CAS number 108-99-6 YesY
ChemSpider 7682 YesY
Molecular formula C6H7N
Molar mass 93.13 g/mol
Appearance Colorless liquid
Density 0.957 g/mL
Melting point

-19 °C

Boiling point

144 °C

Solubility in water Miscible
 N (verify) (what is: YesY/N?)
Except where noted otherwise, data are given for materials in their standard state (at 25 °C, 100 kPa)
Infobox references

3-Methylpyridine, or 3-picoline, is the organic compound with formula 3-CH3C5H4N. It is one of the three isomers of methylpyridine. This colorless liquid is a precursor to pyridine derivatives that have applications in the pharmaceutical and agricultural industries. Like pyridine, 3-methylpyridine is a colourless liquid with a strong odor. It is classified as a weak base.


3-Methylpyridine is produced industrially by the reaction of acrolein with ammonia:

2 CH2CHCHO + NH3 → 3-CH3C5H4N + 2 H2O

This reaction is nonselective and a more efficient route starts with acrolein, propionaldehyde, and ammonia:

CH2CHCHO + CH3CH2CHO + NH3 → 3-CH3C5H4N + 2 H2O + H2

It may also be obtained as a co-product of pyridine synthesis from acetaldehyde, formaldehyde, and ammonia via Chichibabin pyridine synthesis. Approximately 9,000,000 kilograms were produced worldwide in 1989. [1]


3-Picoline is a useful precursor to agrochemicals, such as chlorpyrifos.[2] Chlorpyrifos is produced from 3,5,6-trichloro-2-pyridinol, which is generated from 3-picoline by way of cyanopyridine. This conversion involves the ammoxidation of 3-methylpyridine:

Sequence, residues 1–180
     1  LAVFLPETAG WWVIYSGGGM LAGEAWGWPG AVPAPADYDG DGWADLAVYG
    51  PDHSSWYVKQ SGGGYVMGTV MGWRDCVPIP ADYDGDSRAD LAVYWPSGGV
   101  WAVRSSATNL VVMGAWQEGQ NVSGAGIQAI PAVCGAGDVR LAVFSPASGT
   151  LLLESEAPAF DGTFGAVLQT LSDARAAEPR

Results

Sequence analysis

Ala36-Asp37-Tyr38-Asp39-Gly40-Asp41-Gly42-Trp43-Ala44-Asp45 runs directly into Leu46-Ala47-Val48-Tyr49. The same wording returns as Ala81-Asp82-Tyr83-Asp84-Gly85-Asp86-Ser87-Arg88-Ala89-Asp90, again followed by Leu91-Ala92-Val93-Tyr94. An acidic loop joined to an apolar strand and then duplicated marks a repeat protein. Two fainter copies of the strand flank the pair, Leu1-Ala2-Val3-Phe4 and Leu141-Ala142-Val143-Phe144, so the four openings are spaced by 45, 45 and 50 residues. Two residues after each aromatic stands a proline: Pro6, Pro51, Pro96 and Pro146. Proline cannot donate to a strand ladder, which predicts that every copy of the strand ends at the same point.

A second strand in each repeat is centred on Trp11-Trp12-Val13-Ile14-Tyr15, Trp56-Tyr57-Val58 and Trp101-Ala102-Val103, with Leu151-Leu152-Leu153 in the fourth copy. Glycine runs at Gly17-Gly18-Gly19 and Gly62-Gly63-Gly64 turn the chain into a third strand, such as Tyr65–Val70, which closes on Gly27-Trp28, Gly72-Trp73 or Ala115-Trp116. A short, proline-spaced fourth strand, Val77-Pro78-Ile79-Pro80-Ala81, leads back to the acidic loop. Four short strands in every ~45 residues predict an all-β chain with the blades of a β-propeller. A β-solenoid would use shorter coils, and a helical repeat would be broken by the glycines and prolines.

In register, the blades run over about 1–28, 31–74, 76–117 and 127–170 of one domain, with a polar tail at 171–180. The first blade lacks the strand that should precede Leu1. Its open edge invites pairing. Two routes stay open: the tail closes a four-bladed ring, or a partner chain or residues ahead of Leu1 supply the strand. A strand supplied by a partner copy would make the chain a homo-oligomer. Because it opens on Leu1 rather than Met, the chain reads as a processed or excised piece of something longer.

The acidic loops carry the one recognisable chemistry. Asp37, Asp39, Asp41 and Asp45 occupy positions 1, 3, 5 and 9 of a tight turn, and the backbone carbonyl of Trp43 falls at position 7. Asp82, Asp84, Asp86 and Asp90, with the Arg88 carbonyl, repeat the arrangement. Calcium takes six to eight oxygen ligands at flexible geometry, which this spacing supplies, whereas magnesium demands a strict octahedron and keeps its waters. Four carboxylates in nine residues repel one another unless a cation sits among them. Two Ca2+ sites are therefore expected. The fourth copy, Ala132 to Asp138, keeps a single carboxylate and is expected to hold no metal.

3-CH3C5H4N + 1.5 O2 + NH3 → 3-NCC5H4N + 3 H2O

3-Cyanopyridine is also a precursor to 3-pyridinecarboxamide, which is a precursor to pyridinecarbaldehydes:

3-NCC5H3N + [H] + catalyst → 3-HC(O)C5H4N

Pyridinecarbaldehydes are used to make antidotes for poisoning by organophosphate acetylcholinesterase inhibitors.


3-Methylpyridine is the main precursor to niacin, one of the B vitamins. Niacin is the generic name for both nicotinic acid and nicotinamide (pyridine 3-carboxylic acid and pyridine 3-carboxylic acid amide). Nicotinic acid was first synthesized in 1867 by oxidative degradation of nicotine.[3] Niacin is also an important food additive for domestic and farm animals; more than 60% of the niacin produced is consumed by poultry, swine, ruminants, fish, and pets. Along with its use as an essential vitamin, niacin is also a precursor to many of commercial compounds including cancer drugs, antibacterial agents, and pesticides. Approximately 10,000,000 kilograms of niacin are produced annually worldwide.[3]

Niacin is prepared by hydrolysis of nicotinonitrile, which, as described above, is generated by oxidation of 3-picoline. Oxidation can be effected by air, but ammoxidation is more efficient.[3] The catalysts used in the reaction above are derived from the oxides of antimony, vanadium, and titanium. New “greener” catalysts are being tested using manganese-substituted aluminophosphates that use acetyl peroxyborate as non-corrosive oxidant.[4] The use of this catalyst/oxidizer combination is greener because it does not produce nitrogen oxides as do traditional ammoxidations.

See also


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